Memorial Day and Labor Day have bookended this bizarre period along the Missouri River.
The river is receding in the Omaha area, and some emergency measures are ending.
The City of Council Bluffs on Saturday removed the gate that had blocked entry from that end to the Bob Kerrey Pedestrian Bridge, and the city opened the trail that runs north and south on the Iowa side of the bridge.
The atmosphere on the bridge, however, was hardly celebratory. The gray, rainy morning provided appropriate imagery for the fact that it will take months or even years to repair damage and recoup losses caused by the summer of flooding on the Missouri River.
"Every day it's going down, so we're pretty well pleased with that," said Terry Wheelock, a manager at Rick's Cafe Boatyard, near the bridge on the Omaha side. "But it's sure leaving a mess."
Just below the restaurant, Lewis & Clark Landing, the vast riverfront space used for concerts and celebrations, is filthy with soil, sticks and stones deposited by the river. It looks more like a beach than a man-made venue for festivals.
Wheelock said the floodwater lapping near the restaurant, and the closed road and trail nearby, dealt a blow to business.
"We've had to fight so many rumors that we were closed, that we were flooded, shut down," Wheelock said.
The landing between Rick's and the river remains closed, and City of Omaha spokeswoman Aida Amoura said it might stay that way until early spring while erosion beneath the landing is examined and fixed.
The Missouri River at Omaha reached flood stage by June 1 and crested 7.3 feet above that in July. It is expected to fall below flood stage — 29 feet — within three weeks.
Melody Gardner of Council Bluffs welcomed the reopening of the pedestrian bridge on the Iowa side.
Gardner, 37, loves to walk the bridge for exercise, and this summer she has had to drive to the Omaha side to get onto it. That inconvenience came to an end Saturday, and she emerged on the Iowa side with her husband, Daniel, after crossing the bridge.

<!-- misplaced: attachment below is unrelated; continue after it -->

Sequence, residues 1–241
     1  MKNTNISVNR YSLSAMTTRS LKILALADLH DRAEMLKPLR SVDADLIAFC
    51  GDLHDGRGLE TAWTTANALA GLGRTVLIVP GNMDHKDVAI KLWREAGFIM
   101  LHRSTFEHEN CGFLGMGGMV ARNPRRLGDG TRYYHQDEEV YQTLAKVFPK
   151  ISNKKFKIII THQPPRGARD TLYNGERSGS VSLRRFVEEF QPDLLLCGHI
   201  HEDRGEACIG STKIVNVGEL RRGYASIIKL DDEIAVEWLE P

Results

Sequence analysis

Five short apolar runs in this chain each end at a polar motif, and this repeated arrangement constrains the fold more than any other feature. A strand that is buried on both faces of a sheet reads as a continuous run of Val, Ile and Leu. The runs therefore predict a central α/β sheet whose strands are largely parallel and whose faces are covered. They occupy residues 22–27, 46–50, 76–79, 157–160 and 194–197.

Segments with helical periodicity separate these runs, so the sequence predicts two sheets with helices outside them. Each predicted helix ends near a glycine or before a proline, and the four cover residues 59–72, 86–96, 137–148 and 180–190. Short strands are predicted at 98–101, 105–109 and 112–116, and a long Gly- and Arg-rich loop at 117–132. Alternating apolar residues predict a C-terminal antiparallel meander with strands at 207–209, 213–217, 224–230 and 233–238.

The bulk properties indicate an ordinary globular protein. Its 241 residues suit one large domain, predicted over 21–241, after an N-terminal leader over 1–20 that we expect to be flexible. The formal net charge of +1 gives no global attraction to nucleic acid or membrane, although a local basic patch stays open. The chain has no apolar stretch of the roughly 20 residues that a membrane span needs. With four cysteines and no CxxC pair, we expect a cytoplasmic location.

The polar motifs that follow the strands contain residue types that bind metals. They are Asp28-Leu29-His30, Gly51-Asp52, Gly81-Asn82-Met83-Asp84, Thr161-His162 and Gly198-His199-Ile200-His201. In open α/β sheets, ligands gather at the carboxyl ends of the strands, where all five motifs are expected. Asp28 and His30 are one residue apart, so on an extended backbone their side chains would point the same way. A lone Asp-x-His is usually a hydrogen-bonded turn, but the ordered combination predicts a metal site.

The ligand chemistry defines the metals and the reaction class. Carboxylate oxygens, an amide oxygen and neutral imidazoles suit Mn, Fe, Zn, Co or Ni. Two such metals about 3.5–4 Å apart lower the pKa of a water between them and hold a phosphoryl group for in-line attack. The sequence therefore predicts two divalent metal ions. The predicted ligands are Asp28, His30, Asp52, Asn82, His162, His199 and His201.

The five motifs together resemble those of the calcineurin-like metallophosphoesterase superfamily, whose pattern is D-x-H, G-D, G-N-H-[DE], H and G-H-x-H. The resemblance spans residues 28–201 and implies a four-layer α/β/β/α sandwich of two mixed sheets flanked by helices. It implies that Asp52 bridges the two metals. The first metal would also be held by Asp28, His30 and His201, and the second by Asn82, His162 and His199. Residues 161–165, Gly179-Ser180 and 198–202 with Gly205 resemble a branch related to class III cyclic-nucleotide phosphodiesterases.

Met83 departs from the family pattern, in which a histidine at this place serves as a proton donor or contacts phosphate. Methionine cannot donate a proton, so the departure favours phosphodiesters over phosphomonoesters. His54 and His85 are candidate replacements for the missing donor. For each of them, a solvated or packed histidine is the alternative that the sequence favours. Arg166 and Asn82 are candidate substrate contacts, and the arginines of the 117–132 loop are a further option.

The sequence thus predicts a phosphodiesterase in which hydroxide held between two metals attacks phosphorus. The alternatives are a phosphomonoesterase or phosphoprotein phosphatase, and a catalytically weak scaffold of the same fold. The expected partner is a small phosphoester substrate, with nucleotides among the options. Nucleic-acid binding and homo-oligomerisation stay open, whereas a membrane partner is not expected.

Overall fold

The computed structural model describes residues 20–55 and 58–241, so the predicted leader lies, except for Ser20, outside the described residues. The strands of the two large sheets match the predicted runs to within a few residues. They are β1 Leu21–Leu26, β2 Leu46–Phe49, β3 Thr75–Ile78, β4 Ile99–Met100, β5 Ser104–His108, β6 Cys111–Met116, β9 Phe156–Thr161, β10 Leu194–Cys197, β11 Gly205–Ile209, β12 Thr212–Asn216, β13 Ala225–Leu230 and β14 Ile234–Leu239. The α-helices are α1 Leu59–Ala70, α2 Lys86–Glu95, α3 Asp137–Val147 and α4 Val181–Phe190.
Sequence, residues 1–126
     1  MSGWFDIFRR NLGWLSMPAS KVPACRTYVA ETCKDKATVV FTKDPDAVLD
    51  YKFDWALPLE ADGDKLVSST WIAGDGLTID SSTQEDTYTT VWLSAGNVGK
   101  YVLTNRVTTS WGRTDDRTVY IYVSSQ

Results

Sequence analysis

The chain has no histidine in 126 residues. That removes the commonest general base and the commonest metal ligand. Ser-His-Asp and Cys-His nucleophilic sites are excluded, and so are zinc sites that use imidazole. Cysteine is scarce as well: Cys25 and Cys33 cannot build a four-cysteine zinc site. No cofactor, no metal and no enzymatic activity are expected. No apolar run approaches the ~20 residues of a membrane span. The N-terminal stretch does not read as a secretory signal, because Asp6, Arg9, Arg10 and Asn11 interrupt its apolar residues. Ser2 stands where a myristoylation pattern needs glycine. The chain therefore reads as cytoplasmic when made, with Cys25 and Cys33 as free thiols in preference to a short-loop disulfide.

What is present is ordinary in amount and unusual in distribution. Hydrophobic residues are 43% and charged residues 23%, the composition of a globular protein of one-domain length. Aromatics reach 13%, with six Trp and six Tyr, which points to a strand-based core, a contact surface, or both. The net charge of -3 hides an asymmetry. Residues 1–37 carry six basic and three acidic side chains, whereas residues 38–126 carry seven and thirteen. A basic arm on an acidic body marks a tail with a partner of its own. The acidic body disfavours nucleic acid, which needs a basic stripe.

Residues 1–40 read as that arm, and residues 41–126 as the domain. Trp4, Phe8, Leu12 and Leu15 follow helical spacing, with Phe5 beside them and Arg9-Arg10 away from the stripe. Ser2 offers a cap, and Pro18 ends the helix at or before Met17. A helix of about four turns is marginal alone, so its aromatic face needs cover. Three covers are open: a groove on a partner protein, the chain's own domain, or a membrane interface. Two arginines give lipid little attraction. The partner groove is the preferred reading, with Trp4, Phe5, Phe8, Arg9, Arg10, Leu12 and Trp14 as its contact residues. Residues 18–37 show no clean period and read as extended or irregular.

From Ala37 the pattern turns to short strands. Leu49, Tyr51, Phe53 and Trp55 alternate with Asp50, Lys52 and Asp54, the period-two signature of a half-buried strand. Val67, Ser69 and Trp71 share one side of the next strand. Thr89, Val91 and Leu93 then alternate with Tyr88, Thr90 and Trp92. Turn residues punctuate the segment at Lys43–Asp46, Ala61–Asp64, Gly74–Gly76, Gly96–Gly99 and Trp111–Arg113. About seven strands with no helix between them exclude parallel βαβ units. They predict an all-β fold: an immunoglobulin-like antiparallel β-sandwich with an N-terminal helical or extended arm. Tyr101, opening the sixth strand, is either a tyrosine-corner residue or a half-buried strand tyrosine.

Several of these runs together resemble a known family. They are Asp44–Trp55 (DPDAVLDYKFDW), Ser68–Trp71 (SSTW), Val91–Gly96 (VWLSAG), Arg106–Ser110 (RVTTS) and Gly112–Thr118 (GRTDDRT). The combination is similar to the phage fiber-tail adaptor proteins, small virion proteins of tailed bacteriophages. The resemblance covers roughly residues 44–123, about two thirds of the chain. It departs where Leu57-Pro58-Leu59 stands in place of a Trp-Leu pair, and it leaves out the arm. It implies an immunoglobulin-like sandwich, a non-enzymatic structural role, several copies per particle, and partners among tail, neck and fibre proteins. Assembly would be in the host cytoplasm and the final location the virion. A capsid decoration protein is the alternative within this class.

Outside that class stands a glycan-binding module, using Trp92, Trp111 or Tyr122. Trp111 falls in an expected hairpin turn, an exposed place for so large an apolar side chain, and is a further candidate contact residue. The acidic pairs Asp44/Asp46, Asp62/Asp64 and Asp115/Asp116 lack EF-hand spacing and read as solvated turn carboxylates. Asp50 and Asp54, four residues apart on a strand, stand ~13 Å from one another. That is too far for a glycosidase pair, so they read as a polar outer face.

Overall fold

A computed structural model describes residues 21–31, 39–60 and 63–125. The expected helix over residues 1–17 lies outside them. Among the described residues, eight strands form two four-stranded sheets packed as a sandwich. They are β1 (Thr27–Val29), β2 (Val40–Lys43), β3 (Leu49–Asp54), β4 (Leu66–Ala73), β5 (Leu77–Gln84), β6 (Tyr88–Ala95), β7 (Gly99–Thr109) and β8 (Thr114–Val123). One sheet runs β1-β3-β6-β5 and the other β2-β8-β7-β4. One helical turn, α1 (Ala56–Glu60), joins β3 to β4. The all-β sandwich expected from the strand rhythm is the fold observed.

"Either way, I get my walks in," she said.
Jim Wilken, 54, of Omaha also likes to walk the bridge. He wondered what would happen to the white houseboat that appeared on the Iowa side of the river this summer and can be seen from the bridge. The boat apparently became entrapped by trees surrounded by floodwater.
The river is shrinking back toward its normal channel, Wilken said. "It's still got a ways to go."
Although the river is expected to remain about a foot above flood stage for the next two weeks, the water level has dropped to the bases of the levees. The river isn't expected to cause more significant damage with overland flooding, and Council Bluffs and Omaha are curtailing patrols along the levees.
But the problems are far from over, in part because Council Bluffs and Omaha still cannot effectively drain rainfall runoff. As a result, emergency pumps continue to work along both sides of the river.
"We are still a bathtub without a drain and reliant on pumps to move stormwater," said Marty Grate of Omaha's Public Works Department.
Dave Pearson, hydrologist with the National Weather Service office in Valley, said the river level will remain steady for the next two weeks because the U.S. Army Corps of Engineers is pausing what had been daily decreases in releases from Gavins Point Dam.
The pause is necessary to avoid damage to waterlogged levees and dams from what otherwise could have been too rapid a drop.
When the corps resumes lower releases Sept. 15, the river will again drop. The corps' current goal is to release 65,000 cubic feet per second by Sept. 23, a nearly 30 percent decrease from current flows.
About that time the river at Omaha is expected to drop below flood stage, said John Bertino of the Army Corps of Engineers.
Even after the river drops below flood stage at Omaha, not all areas along the river will be dry, Bertino said. Some lower areas, such as N.P. Dodge Park and the Bellevue riverfront, will continue to be flooded.
The river already has dropped below flood stage at South Sioux City, Neb., and Decatur, Neb., Pearson said. It takes longer for the river to fall below flood stage at Omaha because more tributaries feed into the river here.
Farther downstream, near St. Joseph, Mo., the river is expected to stay above flood stage until October, according to the corps. That's because of the tributaries feeding into it south of Omaha and the large amount of floodwater filling the valleys where levees have broken.
"We've seen quite a bit of damage, but when water really gets off the levees and back into the channel, we'll really have a better idea," Bertino said.
A two-person celebration occurred Saturday morning on the pedestrian bridge. Victoria Hagge, 49, of Omaha and Rick Sullivan, 51, of Fremont walked across the bridge. He told her he wanted to see the flood damage.
"But I had a plan," said Sullivan. He asked Hagge to marry him.
She said yes.
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